5. Israel and the Palestinians are at each other since inception of the State of Israel on and off—and on currently burning and people dying in the streets.

      6. Turkey’s Erdogan thought it would be smart to add to the regional conflict with shooting down the Russian fighter jet and attacking the local Kurdish people in Turkey and neighboring Iraq and until recently Syria’s Kurdish people—all the while invading Iraq and refusing to leave.

      7. Saudi Arabia on the invitation of Yemen’s leader bomb the daylights of the Yemenis [Houthis] and destroying the country, leaving yet another people desolated. And to exacerbate matters execute a Shiite Cleric over the weekend, stoking yet another fire ready to engulf the larger region.

      8. Tunisia and Egypt are trying to hold onto a fragile peace amid escalating acts of terrorism.

      Anything or anyone I left out? So anyone want to tell me that WWIII has not started in the Middle East and it is only a matter of time before it rippled out to the rest of the world?
    • avatar
      Elsa JVin reply tojustnfree(Show commentHide comment)
      justnfree, In general I find protest abhorring and believe in cooperation, compromise, and civilized debate but I found myself smiling when I saw the Saudi embassy in Iran burning. I hope the Iranian authorities that arrested the arsonists would bring them hand-cuffed in the front door and let them out at the back door. Good job guys.
    • Tony Rossiniin reply toJg38691(Show commentHide comment)
      Those Saudi camel-humpers can't even defeat the Houthi militias who don't have Tanks or Air-Force or Navy.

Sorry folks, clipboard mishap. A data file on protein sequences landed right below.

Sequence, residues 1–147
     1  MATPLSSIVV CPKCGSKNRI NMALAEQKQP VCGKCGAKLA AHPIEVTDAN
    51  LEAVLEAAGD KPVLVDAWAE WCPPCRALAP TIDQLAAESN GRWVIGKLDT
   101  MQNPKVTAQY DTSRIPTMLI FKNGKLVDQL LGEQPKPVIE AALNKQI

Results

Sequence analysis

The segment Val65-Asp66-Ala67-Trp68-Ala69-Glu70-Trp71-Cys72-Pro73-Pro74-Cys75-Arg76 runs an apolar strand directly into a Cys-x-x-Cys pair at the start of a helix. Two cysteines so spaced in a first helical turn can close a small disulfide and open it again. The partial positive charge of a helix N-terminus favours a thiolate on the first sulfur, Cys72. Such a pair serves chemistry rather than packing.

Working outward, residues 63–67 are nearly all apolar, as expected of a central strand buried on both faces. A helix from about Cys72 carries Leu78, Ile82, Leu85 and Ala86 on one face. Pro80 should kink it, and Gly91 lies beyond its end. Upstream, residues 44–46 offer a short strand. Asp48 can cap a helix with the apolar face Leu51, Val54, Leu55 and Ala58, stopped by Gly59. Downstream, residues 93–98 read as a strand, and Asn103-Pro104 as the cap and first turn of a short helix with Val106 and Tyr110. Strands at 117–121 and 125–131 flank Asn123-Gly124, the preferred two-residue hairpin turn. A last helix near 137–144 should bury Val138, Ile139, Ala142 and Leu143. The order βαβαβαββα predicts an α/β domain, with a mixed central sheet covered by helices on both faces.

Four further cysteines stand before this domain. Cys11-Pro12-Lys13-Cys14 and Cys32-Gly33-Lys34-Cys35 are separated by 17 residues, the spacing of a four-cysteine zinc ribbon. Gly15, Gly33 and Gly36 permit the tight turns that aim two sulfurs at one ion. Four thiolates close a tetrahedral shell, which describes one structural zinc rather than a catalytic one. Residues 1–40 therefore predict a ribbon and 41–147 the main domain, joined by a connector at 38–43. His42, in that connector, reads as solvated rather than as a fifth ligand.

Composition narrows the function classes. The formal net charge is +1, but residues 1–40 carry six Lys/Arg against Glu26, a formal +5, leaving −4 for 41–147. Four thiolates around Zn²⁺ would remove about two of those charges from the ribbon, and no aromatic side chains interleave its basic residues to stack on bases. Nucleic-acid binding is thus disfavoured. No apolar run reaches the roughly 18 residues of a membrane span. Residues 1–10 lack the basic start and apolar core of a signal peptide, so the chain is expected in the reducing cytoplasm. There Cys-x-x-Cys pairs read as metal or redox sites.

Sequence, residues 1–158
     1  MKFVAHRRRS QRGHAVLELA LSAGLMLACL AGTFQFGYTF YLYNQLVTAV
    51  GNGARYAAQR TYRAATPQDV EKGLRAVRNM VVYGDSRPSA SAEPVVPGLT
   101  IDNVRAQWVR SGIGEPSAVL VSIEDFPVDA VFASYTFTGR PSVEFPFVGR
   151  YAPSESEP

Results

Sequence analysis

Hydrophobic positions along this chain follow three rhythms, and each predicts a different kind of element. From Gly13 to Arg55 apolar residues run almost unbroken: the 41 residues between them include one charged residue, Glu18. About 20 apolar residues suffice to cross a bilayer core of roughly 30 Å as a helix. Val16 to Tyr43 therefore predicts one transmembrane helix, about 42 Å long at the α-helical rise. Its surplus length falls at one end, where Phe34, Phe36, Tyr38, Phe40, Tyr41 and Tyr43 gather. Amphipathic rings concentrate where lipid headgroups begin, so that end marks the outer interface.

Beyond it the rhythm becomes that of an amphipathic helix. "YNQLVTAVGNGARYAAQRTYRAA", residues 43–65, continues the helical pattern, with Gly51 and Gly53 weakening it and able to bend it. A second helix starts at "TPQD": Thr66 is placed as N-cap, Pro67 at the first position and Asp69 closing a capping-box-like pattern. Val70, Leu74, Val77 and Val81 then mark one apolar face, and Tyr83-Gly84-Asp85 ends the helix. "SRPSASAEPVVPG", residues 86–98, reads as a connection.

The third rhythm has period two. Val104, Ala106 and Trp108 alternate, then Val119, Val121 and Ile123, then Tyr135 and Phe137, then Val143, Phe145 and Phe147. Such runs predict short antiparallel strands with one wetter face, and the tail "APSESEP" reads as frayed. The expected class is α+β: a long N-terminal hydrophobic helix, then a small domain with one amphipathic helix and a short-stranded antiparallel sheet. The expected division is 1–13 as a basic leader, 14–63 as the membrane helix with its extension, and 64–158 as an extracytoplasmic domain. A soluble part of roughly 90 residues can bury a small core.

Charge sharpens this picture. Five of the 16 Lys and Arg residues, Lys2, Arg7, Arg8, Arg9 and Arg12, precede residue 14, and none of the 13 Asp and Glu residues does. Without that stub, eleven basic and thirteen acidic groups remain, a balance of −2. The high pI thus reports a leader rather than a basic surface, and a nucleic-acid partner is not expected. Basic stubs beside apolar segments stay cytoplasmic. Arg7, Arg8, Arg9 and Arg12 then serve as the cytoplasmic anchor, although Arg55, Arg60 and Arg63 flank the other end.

The Persians would annihilate the Saudis in quick order
    • avatar
      They have for some time been in a proxy war and i think it will stay at that, though to really stop the madness, certain backers of the house of Saud must stop their pernicious games.
      If the US would get a real american leadership, that would change a lot. Probably a palace revolution with some more clear headed people in Saudi Arabia will be a solution or better that KSA becomes SA the republic!
    • avatar
      Here's another very possible the Saudis are trying to provoke Iran to attack them giving Saudis bodyguard the murderous US government the reason they need to justify bombing Iran . I think this is the most likely what is happening
    • avatar
      silkwilliein reply tosilkwillie(Show commentHide comment)
      silkwillie, correction very possible scenario
    • avatar
      The us government has been looking for a reason to bomb Iran for a few years now it looks like the Saudis are being used to try and incite Iran into going to war with them but it won't really be the Saudis who Iran would be at war against it would be the U.S.
    Show new comments (0)